How Japanese 'Kakeibo' will help you save money

If my savings goals for 2018 could be summed up in one word it would be thus: Accountability.

At the moment, there's no-one but myself holding me accountable for hitting any of the big budgeting hallmarks I wanted to hit this year.

Next year I want someone - or something - to be that calculating voice of reason for when I can't. To tell me not to blow the budget on a new pair of shoes and stick to the plan, goddamnit!

Enter Kakeibo. Pronounced kah-keh-boh, its literal translation is household financial ledger, and it's a traditional Japanese journal that resembles the bullet journals that have risen to popularity in recent months. And like those notebooks they are filled with affirmations and inspirational messages to motivate you as you go about your day.

But unlike those journals, instead of blank pages they're full of spreadsheets, and instead of musings and schedules, you're supposed to use them to write down your savings goals and budgets.

Welcome to the lo-fi analogue age, in which anything that could be down on a computer - using, you know, excel or a budgeting app - is done offline, in a notebook. It's like scrapbooking, but with better pens, and less exciting materials to work with.

The idea, according to a new book Kakeibo: The Japanese Art of Saving Money, is to become more mindful in the way we look at our finances. Using a journal in this way forces us to really think about how we are spending our money.

Every month you sit down with your kakeibo and plan out the next four week's finances, including how much you would like to save, what your necessary monthly expenses are divided into four categories - survival (food, transport, medical), optional (takeaway, shopping, restaurants), culture (books, music, movies), extra (gifts, repairs etc) - and finally, what you are going to do that month to reach your savings goal.

Each month, your kakeibo also asks you to answer four key questions:

  1. How much money do you have?
  2. How much would you like to put away?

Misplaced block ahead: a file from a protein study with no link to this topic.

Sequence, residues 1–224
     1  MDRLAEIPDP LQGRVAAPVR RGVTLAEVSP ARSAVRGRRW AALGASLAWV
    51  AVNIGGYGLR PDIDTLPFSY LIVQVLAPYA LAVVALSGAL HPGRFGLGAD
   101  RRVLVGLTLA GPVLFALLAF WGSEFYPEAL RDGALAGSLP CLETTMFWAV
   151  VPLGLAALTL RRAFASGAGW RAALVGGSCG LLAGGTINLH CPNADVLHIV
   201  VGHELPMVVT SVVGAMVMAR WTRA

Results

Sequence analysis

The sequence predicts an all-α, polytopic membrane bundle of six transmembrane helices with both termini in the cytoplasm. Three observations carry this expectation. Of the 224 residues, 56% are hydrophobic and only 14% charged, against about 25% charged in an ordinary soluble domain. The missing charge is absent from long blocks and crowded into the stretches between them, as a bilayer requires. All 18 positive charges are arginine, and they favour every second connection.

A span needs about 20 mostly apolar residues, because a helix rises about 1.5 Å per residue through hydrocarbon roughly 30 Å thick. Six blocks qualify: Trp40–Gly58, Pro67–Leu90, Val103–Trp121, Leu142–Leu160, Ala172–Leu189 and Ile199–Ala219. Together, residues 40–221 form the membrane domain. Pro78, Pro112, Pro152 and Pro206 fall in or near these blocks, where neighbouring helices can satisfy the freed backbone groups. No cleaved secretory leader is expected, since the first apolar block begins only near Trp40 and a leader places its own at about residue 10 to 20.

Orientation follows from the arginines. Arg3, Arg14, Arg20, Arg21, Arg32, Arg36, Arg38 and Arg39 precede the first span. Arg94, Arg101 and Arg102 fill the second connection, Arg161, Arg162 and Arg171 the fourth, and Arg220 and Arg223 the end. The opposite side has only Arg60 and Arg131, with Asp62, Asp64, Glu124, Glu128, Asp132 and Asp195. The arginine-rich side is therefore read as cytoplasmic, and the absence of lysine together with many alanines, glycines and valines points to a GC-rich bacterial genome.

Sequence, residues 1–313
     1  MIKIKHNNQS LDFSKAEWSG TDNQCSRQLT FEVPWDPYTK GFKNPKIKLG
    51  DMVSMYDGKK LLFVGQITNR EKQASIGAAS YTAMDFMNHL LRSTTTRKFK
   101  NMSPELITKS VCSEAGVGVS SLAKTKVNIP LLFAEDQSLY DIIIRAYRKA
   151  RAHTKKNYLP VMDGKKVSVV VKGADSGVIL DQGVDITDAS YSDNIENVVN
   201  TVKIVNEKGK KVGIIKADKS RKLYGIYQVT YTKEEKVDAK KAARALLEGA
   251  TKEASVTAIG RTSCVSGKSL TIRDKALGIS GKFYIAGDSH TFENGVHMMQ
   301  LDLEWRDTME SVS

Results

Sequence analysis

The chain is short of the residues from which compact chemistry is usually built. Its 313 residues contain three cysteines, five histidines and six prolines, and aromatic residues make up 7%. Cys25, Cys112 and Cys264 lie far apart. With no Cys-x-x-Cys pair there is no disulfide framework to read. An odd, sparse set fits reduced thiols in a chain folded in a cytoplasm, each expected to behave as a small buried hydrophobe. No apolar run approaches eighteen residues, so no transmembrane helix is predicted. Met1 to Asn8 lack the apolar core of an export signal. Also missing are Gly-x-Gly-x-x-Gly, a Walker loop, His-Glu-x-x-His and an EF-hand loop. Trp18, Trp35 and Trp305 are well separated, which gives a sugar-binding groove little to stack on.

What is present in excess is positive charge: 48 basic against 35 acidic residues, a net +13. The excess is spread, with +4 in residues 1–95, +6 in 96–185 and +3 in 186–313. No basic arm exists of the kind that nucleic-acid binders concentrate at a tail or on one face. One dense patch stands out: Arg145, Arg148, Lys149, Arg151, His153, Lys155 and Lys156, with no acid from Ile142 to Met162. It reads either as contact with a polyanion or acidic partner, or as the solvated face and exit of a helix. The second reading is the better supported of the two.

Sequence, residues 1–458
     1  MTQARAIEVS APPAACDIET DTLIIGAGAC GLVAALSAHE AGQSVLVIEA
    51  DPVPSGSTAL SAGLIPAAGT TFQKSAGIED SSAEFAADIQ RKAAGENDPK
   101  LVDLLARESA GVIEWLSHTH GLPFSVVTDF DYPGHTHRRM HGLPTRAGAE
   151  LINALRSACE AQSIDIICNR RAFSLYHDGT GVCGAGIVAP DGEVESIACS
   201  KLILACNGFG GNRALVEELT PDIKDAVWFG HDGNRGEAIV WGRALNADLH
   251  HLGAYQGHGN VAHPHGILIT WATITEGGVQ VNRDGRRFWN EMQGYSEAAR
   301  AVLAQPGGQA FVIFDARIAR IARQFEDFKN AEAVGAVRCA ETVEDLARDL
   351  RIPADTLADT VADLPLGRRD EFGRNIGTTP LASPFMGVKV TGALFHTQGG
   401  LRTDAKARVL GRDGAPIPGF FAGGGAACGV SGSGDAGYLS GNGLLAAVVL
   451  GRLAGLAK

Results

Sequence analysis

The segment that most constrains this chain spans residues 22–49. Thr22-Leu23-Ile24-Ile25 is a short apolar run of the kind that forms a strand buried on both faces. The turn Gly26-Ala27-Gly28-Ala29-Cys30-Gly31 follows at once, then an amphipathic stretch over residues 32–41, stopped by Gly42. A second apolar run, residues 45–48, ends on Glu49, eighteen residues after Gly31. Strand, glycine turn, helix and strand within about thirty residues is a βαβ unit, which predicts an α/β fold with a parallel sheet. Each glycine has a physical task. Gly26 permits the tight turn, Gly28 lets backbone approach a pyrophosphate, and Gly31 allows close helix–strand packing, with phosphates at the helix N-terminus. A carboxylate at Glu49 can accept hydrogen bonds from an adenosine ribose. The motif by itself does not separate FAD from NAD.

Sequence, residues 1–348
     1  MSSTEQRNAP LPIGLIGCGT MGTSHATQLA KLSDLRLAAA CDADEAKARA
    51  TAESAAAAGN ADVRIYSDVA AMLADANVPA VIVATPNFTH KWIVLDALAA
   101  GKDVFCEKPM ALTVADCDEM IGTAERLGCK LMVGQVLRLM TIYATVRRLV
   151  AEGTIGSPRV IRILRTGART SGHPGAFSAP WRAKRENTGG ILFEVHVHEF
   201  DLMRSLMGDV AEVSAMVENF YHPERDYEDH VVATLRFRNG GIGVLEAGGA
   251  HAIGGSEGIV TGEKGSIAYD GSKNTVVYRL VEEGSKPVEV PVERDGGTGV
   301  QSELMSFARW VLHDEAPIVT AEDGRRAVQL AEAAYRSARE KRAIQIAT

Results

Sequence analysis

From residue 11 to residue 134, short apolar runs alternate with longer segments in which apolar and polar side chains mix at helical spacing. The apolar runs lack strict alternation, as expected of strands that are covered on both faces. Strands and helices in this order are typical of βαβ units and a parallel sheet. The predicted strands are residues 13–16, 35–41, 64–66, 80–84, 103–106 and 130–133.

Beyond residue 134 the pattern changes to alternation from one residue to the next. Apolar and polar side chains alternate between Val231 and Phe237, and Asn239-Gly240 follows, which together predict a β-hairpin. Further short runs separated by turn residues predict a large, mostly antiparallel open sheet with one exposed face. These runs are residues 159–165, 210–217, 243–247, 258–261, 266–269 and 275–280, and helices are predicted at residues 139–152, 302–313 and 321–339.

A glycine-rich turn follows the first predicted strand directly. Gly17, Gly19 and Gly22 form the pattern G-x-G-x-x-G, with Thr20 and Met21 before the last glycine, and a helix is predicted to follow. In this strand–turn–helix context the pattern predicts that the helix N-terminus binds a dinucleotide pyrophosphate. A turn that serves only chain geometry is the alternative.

3. How much are you actually spending?
  4. How can you improve on that?

Reflection boxes exist at the end of each week and month to help you investigate whether or not you are doing enough to meet your targets.

The idea of a kakeibo was first introduced by Japan's first female journalist Motoko Hani, who encouraged her readers to make their own kakeibo in a magazine in 1904. Today, using a kakeibo promises to help you save 35% on your monthly expenditure, according to Moni Ninja.

How does it do this? By making you more aware of what you're spending your cash on. When you look at a spread detailing just how much you've spent on takeaway that month, you might quickly realise just how much your pad thai habit is adding up. You might also notice that the reason you're not reaching your savings goal is that you're spending too much on Ubers, or that your entertainment budget is too high.

(One of the key Japanese budgeting tips is to pre-plan where all your money is going each month, withdraw that cash amount from your account when you get paid and split the cash up into envelopes labelled with each category. Then you know exactly how much you are allowed to spend on, say, coffee every month.)

Yes, you could get all that from an app, or from just paying attention to where your money goes. But really, the best way to do that is to look at numbers on a page. So old school.